The trouble with demonizing the leader of an unpopular government is that it gives the next leader way too much slack. I remember writing a column years ago comparing the hated Brian Mulroney with Paul Martin (who more or less ran Jean Chretien's government). Who was more destructive to the public interest and progressive government? Conventional wisdom would say Mulroney. But, while Mulroney's "free trade" agreement set the stage for the remaking of Canada, it was nice-guy Paul Martin who did the deed. He slashed federal social spending by 40 per cent, eliminated any strings attached to federal transfers (setting up huge cuts to welfare programs), and implemented the largest tax cuts for the wealthy and corporations in Canadian history.
And now we have Justin "sunny ways" Trudeau who presents as great a personality contrast as one can imagine to the grim and heartless Stephen Harper. And there is no doubt that on many symbolic issues the Liberal prime minister has provided welcome relief from the ravages of the right-wing libertarian Mr. Harper.
But when it comes to the ideological commitment to trade and investment liberalization, Mr. Trudeau is easily a match for his predecessor, cementing the history of the Liberal party as the party of "free trade." This week he was in Ireland pushing CETA -- the Canada-EU deal.
Key changes to procurement
Throughout the Harper era, notwithstanding Harper's dogged commitment to these deals, the Conservative government managed to actually take a very good position on one enormously important aspect of the neoliberal agenda: government procurement. The ability of the federal, provincial and municipal governments to favour Canadian suppliers of goods and services was protected in NAFTA and all of the many bilateral agreements signed by Canada under Harper. Until CETA.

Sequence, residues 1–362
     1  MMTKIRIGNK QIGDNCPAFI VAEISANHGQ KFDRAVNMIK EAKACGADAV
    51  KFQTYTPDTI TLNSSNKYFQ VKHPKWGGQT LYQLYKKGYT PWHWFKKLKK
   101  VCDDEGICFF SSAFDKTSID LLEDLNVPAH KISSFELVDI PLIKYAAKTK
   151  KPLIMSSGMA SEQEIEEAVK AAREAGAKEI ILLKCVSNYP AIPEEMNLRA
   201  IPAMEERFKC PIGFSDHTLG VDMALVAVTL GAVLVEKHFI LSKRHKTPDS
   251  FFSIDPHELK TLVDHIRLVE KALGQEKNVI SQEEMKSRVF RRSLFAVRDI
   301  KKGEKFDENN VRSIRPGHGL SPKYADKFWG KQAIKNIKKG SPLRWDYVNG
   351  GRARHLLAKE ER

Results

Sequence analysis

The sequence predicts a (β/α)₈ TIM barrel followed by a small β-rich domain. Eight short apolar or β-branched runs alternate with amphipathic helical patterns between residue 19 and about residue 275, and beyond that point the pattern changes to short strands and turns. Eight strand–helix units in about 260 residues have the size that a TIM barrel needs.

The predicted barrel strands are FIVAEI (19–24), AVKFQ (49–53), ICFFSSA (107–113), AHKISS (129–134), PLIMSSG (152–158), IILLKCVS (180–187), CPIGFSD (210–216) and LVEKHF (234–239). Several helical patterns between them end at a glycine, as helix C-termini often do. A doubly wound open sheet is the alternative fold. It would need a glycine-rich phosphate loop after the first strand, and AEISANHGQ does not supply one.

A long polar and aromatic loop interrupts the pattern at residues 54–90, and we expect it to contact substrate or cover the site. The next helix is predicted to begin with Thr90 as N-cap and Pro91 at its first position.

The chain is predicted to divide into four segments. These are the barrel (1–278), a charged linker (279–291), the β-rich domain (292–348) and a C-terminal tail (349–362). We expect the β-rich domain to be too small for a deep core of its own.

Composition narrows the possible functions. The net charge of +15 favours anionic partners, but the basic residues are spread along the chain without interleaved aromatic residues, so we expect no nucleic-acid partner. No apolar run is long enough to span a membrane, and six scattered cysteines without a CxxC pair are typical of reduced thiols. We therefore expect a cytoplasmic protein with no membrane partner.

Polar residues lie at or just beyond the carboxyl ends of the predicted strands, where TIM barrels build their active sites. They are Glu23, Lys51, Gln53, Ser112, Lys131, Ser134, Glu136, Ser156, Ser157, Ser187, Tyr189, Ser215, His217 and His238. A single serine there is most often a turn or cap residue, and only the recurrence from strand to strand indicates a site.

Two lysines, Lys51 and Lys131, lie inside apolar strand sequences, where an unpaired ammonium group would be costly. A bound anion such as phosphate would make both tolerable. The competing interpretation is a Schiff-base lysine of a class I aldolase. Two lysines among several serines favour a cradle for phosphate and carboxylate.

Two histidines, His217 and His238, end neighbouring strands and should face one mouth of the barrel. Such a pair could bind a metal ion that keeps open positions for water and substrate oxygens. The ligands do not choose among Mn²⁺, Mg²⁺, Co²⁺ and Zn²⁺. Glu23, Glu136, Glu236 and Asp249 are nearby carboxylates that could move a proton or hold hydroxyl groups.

This was important not just because of the opportunities for local job creation but also for local businesses. B.C., for example, under the NDP, had a program called "First Contract" by which provincial procurement departments could give a first contract to a local company specifically to give it a chance to build its experience and capacity -- waiving the normal low-bid rules.
Under CETA that would be explicitly prohibited because for the first time, provincial procurement and that of the so-called MASH sector -- municipal, academic, schools and hospitals -- will be completely open to procurement competition from companies in 28 EU countries.
What are the implications? According to trade lawyer Roy Nieuwenburg:
"Procurements by MASH entities would become more scrutinized and more susceptible to challenge. MASH entities would have to comply with stringent measures designed to ensure transparency and compliance. Disappointed bidders would have enforceable recourse. Remedies could include monetary awards and re-opening the outcome of bidding processes."
One example from federal jurisdiction saw Corel successfully challenge the winning government contract bid of Microsoft in a Canadian International Trade Tribunal. It won a $9.9-million award.